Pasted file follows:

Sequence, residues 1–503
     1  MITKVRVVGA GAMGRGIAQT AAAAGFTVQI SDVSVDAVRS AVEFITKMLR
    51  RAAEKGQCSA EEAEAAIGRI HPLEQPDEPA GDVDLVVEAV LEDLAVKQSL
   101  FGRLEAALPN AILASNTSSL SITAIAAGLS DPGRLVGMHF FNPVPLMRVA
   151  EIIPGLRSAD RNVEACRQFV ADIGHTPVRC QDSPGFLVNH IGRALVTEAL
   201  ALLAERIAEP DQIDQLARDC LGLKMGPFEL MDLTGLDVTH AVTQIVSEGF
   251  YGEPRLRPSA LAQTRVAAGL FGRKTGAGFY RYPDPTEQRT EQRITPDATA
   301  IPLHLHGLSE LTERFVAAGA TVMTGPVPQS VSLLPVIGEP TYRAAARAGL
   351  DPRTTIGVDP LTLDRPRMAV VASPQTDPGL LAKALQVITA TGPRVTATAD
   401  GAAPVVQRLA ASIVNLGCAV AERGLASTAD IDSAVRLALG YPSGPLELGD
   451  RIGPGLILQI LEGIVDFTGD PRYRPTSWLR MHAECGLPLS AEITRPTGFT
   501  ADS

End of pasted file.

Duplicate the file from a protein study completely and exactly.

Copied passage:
Sequence, residues 1–503
     1  MITKVRVVGA GAMGRGIAQT AAAAGFTVQI SDVSVDAVRS AVEFITKMLR
    51  RAAEKGQCSA EEAEAAIGRI HPLEQPDEPA GDVDLVVEAV LEDLAVKQSL
   101  FGRLEAALPN AILASNTSSL SITAIAAGLS DPGRLVGMHF FNPVPLMRVA
   151  EIIPGLRSAD RNVEACRQFV ADIGHTPVRC QDSPGFLVNH IGRALVTEAL
   201  ALLAERIAEP DQIDQLARDC LGLKMGPFEL MDLTGLDVTH AVTQIVSEGF
   251  YGEPRLRPSA LAQTRVAAGL FGRKTGAGFY RYPDPTEQRT EQRITPDATA
   301  IPLHLHGLSE LTERFVAAGA TVMTGPVPQS VSLLPVIGEP TYRAAARAGL
   351  DPRTTIGVDP LTLDRPRMAV VASPQTDPGL LAKALQVITA TGPRVTATAD
   401  GAAPVVQRLA ASIVNLGCAV AERGLASTAD IDSAVRLALG YPSGPLELGD
   451  RIGPGLILQI LEGIVDFTGD PRYRPTSWLR MHAECGLPLS AEITRPTGFT
   501  ADS